For them realty rocks
Peeyush Agnihotri

Moguls of Real Estate
by Manoj Namburu; Roli Books; Pages 270. Rs 350

Moguls of Real EstateIN late 1980s, the usual refrain on Dalal Street was "invest in everything where machinery ticks (manufacturing sector)." The catchphrase changed to "invest in everything where mouse clicks (dotcom and IT)" in late 1990s. Ten years down the line, the buzz is to "invest in everything that consumes bricks" (construction and real estate).

The timing of the book under review, written by a person who is the CMD of a 24x7 real estate television channel, couldn’t have been more apt. It was just last week that Forbes magazine came out with the list of seven Indian real estate developers who have a net worth of over a billion dollar each. Two of them — K.P. Singh and Niranjan Hiranandani — find mention in the book that takes a closer look into the entrepreneurial adventure of five stalwarts of the real estate industry.

Coincidentally, both Forbes-listed entrepreneurs come from intellectual families. While K.P. Singh’s father was a lawyer, Niranjan’s doctor father was an ENT specialist. The author has touched upon the highs and lows of the lives of K.P Singh (DLF), Niranjan Hiranandani (Hirco), Sushil Ansal (Ansal API), Shapoor Pallonji Mistry (Shapoorji Pallonji and Co) and Irfan Razack (Prestige Group), all institutions within themselves.

The five terse biographies show that it was not roses all the way for these moguls. It has been a series of accidents and encounters for DLF’s K.P. Singh. According to Singh, who now is the fourth richest Indian with a net worth of $35 billion, 3Gs (Gurgaon, GE Electrical and Rajiv Gandhi) have played a key role in his life. A student of physics, the book discloses how polo unlocked the doors of the Indian Army for Singh, how he once planned to run away from IMA, Dehra Dun, and how commanding officer’s soothing speech made him work to win the coveted Best Cadet award.

A severe bout of hepatitis changed his career and Singh joined his father-in-law’s realty business that had been clamped by the draconian Indian laws. The DLF part of the book is replete with anecdotes: Singh’s accidental meeting with Rajiv Gandhi where he was able to convince the latter on private builders’ participation in townships; and how the realty king once had to drink a glass of milk with fly in it while clinching a multi-acre deal in a village.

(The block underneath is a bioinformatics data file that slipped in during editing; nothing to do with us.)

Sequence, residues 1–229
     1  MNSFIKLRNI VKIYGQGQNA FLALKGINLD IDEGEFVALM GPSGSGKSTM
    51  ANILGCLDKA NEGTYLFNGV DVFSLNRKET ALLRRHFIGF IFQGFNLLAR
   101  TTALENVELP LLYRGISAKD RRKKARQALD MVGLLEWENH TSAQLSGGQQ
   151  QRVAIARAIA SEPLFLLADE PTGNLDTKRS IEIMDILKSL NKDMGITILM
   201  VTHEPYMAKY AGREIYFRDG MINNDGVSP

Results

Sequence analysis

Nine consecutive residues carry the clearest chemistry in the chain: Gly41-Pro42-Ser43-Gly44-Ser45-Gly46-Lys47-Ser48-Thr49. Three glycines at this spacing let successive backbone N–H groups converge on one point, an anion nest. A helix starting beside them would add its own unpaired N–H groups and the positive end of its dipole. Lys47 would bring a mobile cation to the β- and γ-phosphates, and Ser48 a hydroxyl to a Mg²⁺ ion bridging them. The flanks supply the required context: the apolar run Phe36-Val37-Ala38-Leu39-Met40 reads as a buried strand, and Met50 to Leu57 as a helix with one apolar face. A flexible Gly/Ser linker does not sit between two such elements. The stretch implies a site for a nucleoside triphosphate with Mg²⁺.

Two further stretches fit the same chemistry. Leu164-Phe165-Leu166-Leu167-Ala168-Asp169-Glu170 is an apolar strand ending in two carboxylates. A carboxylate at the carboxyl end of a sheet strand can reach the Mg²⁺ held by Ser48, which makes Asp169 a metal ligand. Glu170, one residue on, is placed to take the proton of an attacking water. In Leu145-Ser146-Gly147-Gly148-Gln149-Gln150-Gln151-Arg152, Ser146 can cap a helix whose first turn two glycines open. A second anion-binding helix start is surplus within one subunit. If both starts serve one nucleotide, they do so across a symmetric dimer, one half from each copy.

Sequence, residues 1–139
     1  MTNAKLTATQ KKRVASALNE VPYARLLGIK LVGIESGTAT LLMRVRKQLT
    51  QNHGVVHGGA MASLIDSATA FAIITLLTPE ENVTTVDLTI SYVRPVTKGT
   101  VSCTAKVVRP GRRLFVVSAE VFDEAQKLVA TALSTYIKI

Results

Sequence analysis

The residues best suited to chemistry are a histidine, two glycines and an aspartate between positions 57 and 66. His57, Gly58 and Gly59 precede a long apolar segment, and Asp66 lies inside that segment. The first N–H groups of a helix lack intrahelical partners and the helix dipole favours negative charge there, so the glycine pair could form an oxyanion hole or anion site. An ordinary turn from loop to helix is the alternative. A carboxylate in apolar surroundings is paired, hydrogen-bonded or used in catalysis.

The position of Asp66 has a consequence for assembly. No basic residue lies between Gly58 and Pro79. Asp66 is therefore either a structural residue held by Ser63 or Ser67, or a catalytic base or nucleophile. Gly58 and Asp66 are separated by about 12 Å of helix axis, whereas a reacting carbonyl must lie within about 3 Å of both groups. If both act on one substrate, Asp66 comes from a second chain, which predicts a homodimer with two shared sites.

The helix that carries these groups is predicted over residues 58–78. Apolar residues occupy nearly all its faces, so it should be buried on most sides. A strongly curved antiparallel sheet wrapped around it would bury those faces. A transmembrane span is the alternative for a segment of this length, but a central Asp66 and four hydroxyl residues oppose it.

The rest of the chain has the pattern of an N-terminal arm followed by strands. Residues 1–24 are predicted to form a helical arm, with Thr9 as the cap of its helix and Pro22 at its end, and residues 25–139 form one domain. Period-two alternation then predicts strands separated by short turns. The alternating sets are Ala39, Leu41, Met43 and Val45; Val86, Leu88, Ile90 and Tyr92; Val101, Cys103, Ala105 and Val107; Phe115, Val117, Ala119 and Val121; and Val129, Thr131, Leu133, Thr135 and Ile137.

The Hiranandani part of the book reveals how Niranjan, a chartered accountant who hailed from a renowned family of doctors, made the right choice by picking realty over textiles. The group’s focus has been timely completion of projects and implementing the right kind of floor surface index in projects, in which India severely lacks.

For Ansals, it has been a rags-to-riches story spanning over two generations. Two major fire incidents — one in Ansal Bhavan in 1987 and another in Uphaar in 1997 — have been the nadirs of the Ansal saga, which otherwise is a sequence of industrious events, worth emulating. What strikes the reader while moving on to Shapoor Pallonji Mistry’s part is his contrarian philosophy. "Buy when nobody wants to buy and sell when nobody wants to sell." His realty journey otherwise has been of being born with a silver spoon in mouth and remaining with one throughout. The family had worked for the likes of Dr Bhabha for constructing a nuclear establishment. The author also notes the family’s brush with Bollywood, where the grandfather helped in the making of Mughal-e-Azam and the grandson getting it digitally remastered into colour in 2004. The author details how Irfan Razack, who has changed Bangalore’s skyline, has matured since 1980 when he sold the first piece of personal property and didn’t know what the word khata (ledger) stood for. In a nutshell, IT made Bangalore and also Razack. Hailing from a retailer’s family, realty developments in Bangalore post-1993 made this avid sports enthusiast sit up and take notice.